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 Maarten Maartensz:    Philosophical Dictionary | Filosofisch Woordenboek                      

 M - Map

 

Map: Representation of some features and relations in some territory; in mathematics: function with specified domain and range. A.k.a. mapping.

The ideas of a map and the closely related mapping are very fundamental, and are somehow involved in much or all of human cognition and understanding - which after all is based on the making of mental maps or models of things.

The first definition that is given is from the use of "map" in cartography and the second from mathematics, but both are related, and mappings can be seen as mathematical abstractions from maps.

1. maps: It is important to understand that one of the important points of maps (that also applies to mappings) is that they leave out - abstract from, do not depict - many things that are in the territory (or set) it represents. More generally, the following points about maps are important:

       the map is usually not the territory (even if it is part of it) 

       the map does usually not represent all of the territory but only certain kinds of things occurring in the territory, in certain kinds of relations

       the map usually contains legenda and other instructions to interpret it

       the map usually contains a lot of what is effectively interpunction

       maps are on carriers (paper, screen, rock, sand)

      the map embodies one of several different possible ways of representing the things it does

      the map usually is partial, incomplete and dated - and

      having a map is usually better than having no map at all to understand the territory the map is about (supposing the map represents some truth)

      maps may represent non-existing territories and include guesses and declarations to the effect "this is uncharted territory"

It may be well to add some brief comments and explanations to these points

Maps and territories: In the case of paper maps, the general point of having a map is that it charts aspects of some territory (which can be seen as a set of things with properties in relations, but that is not relevant in the present context).

Thus, generally a map only represents certain aspects of the territory it charts, and usually contains helpful material on the map to assist a user to relate it properly to what it charts.

And maps may be partially mistaken or may be outdated and still be helpful to find one's way around the territory it charts, while it also is often helpful if the map explicitly shows what is guessed or unknown in it.

2. mappings: In mathematics, the usage of the terms "map" and "function" is not precisely regulated, but one useful way to relate them and keep them apart is to stipulate that a function is a set of pairs of which each first member is paired to just one second member, and a map is a function of which also the sets from which the first and second members are selected are specified. (These sets are known respectively as domain and range, or source and target. See: Function.)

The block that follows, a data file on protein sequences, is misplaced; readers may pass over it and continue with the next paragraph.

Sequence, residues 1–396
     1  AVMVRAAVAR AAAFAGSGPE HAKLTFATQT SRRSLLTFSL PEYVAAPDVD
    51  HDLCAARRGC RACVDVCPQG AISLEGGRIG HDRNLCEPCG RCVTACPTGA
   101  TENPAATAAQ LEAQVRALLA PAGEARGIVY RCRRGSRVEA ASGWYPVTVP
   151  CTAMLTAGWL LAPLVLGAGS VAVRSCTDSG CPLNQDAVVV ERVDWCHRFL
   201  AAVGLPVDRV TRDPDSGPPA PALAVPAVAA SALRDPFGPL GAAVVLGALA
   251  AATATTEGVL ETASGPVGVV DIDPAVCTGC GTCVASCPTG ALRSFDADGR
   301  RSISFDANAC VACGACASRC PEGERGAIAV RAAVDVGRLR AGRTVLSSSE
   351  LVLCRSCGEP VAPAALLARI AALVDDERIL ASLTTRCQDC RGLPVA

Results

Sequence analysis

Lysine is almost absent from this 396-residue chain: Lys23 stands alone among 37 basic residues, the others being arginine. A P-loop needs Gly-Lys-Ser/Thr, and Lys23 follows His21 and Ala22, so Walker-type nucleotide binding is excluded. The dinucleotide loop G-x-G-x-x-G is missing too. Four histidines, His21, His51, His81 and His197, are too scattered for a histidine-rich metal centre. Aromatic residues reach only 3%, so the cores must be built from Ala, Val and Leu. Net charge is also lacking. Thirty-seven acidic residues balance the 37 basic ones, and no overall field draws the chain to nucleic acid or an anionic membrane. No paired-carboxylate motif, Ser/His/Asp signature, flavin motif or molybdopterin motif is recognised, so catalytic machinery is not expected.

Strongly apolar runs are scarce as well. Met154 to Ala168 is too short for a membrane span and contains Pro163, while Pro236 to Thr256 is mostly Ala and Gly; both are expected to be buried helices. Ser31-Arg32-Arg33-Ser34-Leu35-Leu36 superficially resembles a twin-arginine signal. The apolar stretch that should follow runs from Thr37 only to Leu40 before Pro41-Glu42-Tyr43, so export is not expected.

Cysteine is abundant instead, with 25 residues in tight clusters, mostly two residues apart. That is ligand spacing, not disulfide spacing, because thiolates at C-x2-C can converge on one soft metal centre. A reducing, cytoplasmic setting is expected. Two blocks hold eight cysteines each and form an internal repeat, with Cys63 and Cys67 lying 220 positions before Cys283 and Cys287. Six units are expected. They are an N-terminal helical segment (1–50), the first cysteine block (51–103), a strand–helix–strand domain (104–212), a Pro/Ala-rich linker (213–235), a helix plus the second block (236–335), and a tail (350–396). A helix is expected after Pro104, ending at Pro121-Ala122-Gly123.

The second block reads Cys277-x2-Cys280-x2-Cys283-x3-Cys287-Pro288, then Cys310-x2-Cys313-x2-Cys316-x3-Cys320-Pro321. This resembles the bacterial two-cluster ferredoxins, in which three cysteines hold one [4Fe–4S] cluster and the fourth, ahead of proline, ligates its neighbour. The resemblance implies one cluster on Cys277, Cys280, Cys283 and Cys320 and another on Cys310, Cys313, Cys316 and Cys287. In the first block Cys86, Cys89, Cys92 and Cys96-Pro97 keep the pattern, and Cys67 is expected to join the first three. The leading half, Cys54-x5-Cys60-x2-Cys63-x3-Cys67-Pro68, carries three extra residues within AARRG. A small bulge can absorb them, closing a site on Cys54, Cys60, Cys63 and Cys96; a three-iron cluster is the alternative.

Note that for both functions and maps the rule or rules by which the first members in the pairs in the functions and maps need not be known or, if it is known, need not be explicitly given. Of course, if such a rule is known it may be very useful and all that may need to be listed to describe the function or map.

Here are some useful notations and definitions, that presume to some extent standard set theory. It is assumed that the relations, functions and maps spoken of are binary or two-termed (which is no principal restriction, since a relation involving n terms can be seen as pair of n-1 terms and the n-term). In what follows "e" = "is a member of":

A relation R is a set of pairs.
A function f is a relation such that
   (x)(y)(z)((x,y) e f & (x,z) e f --> y=z).
A map m is a function f such that
   (EA)(EB)(x)(y)((x,y) e f --> xeA & yeB).
That m is a map from A to B is also written as:
   "m : A |-> B" which is in words: "m maps A to B".

There are several ways in which such mappings can hold, and I state some with the usual wordings:

m is a partial map of A to B:
    m : A |-> B and not all xeA are mapped to some yeB.
m is a full map of A to B:
    m is a map of A to B and not partial.
m is a map of A into B:
   m : A |-> B and not all yeB are mapped to some xeA.
m is a map of A onto B:
   m : A |-> B and not into. 

One reason to have partial maps (and functions: the same terminology given for maps holds for functions) is that there may well be exceptional cases for some items in A. Thus, if m maps numbers to numbers using 1/n the case n=0 must be excluded.
 


See also: Function, Mathematics, Representing


Literature:

Griffith & Hilton

 Original: Jan 28, 2006                                                Last edited: 12 December 2011.   Top